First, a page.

In Dublin's Fair City
Pre-reading: What do you know about Dublin? Have you heard about the Liffey, Molly Malone and Trinity College? If not, here is an opportunity to get to know this fascinating city better.
Dublin has developed from being a rather grey and dull city into being one of the most colourful and vibrant spots in Europe. Wherever you walk, people are friendly and interested, and maybe some of the people you meet on the street could be a very distant relative of yours!
Dublin was namely founded by Vikings.
In 840 AD Norwegian Vikings arrived in the area where Dublin is today, and built a fortress. After a period of Norwegian/Danish rule, the British became more and more dominant in the area, and from 1169 they gained even more influence.
After Ireland was divided in 1921, Dublin became the capital of the Republic of Ireland, and is today a popular tourist destination. Wherever you travel in Ireland you meet two languages, English and Gaelic. Look at the example in the picture, and you get a glimpse into a very old language which is spoken by fewer and fewer people today.
If you have a couple of days in Dublin, here are some of the places worth visiting:
- Kilmainham Gaol, was a prison from 1796 to 1924, and is in many ways the symbol of the Irish fight for freedom from the British. This prison is a major tourist attraction in Dublin today, and has also been used as a location for several film scenes. In the Name of the Father, with Daniel Day Lewis, for example, is maybe the most touching and impressive.
- Molly Malone has been immortalised in the famous song "In Dublin's Fair City, where the girls are so pretty...." Molly Malone is a semi historical/legendary figure, but still a symbol of the hard-working, poor Irish people. You can find her statue in the city centre.
- Ireland has been the home country for some of the most talented writers in the English language. In the Writers Museum in Dublin you can find original manuscripts by Joyce, Yeats and others.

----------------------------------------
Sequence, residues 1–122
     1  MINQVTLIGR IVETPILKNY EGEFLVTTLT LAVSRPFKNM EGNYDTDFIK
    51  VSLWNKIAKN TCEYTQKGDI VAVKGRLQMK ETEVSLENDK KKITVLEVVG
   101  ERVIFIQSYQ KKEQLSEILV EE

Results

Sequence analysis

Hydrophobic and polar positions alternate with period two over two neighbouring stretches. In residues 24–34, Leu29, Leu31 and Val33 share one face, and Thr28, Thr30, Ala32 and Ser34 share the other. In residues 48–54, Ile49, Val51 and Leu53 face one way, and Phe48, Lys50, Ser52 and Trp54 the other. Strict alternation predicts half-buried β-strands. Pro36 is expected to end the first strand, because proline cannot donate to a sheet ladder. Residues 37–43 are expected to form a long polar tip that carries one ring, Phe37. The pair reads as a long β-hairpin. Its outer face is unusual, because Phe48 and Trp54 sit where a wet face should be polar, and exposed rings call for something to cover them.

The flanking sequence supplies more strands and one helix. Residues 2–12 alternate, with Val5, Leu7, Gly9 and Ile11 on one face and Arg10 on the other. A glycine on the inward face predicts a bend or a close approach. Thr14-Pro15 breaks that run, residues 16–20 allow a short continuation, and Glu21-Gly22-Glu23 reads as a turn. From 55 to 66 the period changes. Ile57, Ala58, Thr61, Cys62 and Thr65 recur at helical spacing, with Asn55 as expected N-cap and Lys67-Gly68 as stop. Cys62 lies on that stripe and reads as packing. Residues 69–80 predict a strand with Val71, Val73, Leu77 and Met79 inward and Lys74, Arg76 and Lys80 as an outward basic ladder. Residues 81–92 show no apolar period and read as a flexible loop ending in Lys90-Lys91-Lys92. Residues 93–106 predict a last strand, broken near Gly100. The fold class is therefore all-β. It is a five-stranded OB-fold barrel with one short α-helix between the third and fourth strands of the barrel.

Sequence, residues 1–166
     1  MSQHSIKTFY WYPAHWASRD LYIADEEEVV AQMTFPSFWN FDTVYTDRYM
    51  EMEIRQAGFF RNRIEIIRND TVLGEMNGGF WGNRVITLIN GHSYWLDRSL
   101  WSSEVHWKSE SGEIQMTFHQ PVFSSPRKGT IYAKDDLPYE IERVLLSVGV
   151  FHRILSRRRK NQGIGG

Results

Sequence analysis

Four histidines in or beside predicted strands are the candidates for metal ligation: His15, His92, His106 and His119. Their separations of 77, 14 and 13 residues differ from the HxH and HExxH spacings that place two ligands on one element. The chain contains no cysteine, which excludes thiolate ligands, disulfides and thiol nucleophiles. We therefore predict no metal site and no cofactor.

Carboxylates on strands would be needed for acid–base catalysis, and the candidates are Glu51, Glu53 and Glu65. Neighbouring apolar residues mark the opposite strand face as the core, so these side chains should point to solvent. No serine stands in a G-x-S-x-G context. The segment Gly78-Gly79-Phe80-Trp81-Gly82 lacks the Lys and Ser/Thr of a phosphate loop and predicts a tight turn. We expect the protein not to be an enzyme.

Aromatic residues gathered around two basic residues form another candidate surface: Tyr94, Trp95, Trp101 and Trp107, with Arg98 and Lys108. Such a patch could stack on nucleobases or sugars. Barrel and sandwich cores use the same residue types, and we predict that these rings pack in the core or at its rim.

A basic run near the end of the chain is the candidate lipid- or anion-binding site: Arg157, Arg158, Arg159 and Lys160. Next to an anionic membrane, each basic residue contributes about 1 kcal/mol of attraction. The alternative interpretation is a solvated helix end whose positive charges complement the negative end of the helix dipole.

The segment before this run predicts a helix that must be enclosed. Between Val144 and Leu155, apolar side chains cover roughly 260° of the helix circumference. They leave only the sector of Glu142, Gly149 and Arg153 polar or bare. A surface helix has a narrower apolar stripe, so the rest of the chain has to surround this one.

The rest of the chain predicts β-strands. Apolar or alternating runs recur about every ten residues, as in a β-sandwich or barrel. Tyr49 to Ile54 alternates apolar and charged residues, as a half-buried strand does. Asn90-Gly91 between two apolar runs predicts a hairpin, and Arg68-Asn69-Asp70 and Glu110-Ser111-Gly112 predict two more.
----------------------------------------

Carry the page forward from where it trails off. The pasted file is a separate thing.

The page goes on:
- The Book of Kells from 800AD is a well preserved illuminated manuscript, and is one of the major treasures and prides of Ireland.
Dubliners are also proud of their river Liffey, and as a pedestrian you can cross the Ha'penny Bridge, the oldest pedestrian crossing over the river dating from 1816.
Tasks and Activities
- In the Writers Museum you can learn more about famous Irish writers. Here are the family names of five of them. What are their first names?
- The Molly Malone statue is situated in one of the main shopping streets in Dublin. What is the name of this street?
- Where is the Book of Kells on display?
- In 1759 the most famous brewery in Ireland was founded. What is the name of this brewery?
- A famous writer was Dean of St Patrick's Cathedral from 1713 to 1747. Who was he?
- Trinity College was founded in 1592 by the Queen of England. What was her name?
- In which major tourist attraction can you learn more about the Vikings?
The Gaelic language is no longer spoken by many people. What do you think might be done to preserve this language, and make it more extensively used? Discuss your suggestions with some of the others in your class.
- English subject curriculum